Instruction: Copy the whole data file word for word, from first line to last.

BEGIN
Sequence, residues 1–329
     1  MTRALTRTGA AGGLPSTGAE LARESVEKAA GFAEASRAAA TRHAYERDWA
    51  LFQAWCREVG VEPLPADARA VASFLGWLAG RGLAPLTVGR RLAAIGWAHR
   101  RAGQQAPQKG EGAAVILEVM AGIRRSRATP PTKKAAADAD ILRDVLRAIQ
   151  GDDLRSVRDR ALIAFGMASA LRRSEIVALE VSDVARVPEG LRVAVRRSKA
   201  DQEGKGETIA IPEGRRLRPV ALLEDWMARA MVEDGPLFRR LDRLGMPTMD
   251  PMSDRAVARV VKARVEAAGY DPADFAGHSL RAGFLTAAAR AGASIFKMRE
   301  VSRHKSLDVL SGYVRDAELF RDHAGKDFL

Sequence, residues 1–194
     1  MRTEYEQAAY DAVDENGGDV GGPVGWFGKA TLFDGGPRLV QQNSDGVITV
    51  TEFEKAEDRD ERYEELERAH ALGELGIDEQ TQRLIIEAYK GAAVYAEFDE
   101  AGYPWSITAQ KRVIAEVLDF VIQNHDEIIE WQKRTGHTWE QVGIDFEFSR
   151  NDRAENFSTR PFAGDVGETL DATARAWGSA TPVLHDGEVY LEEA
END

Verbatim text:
Sequence, residues 1–329
     1  MTRALTRTGA AGGLPSTGAE LARESVEKAA GFAEASRAAA TRHAYERDWA
    51  LFQAWCREVG VEPLPADARA VASFLGWLAG RGLAPLTVGR RLAAIGWAHR
   101  RAGQQAPQKG EGAAVILEVM AGIRRSRATP PTKKAAADAD ILRDVLRAIQ
   151  GDDLRSVRDR ALIAFGMASA LRRSEIVALE VSDVARVPEG LRVAVRRSKA
   201  DQEGKGETIA IPEGRRLRPV ALLEDWMARA MVEDGPLFRR LDRLGMPTMD
   251  PMSDRAVARV VKARVEAAGY DPADFAGHSL RAGFLTAAAR AGASIFKMRE
   301  VSRHKSLDVL SGYVRDAELF RDHAGKDFL

Sequence, residues 1–194
     1  MRTEYEQAAY DAVDENGGDV GGPVGWFGKA TLFDGGPRLV QQNSDGVITV
    51  TEFEKAEDRD ERYEELERAH ALGELGIDEQ TQRLIIEAYK GAAVYAEFDE
   101  AGYPWSITAQ KRVIAEVLDF VIQNHDEIIE WQKRTGHTWE QVGIDFEFSR
   151  NDRAENFSTR PFAGDVGETL DATARAWGSA TPVLHDGEVY LEEA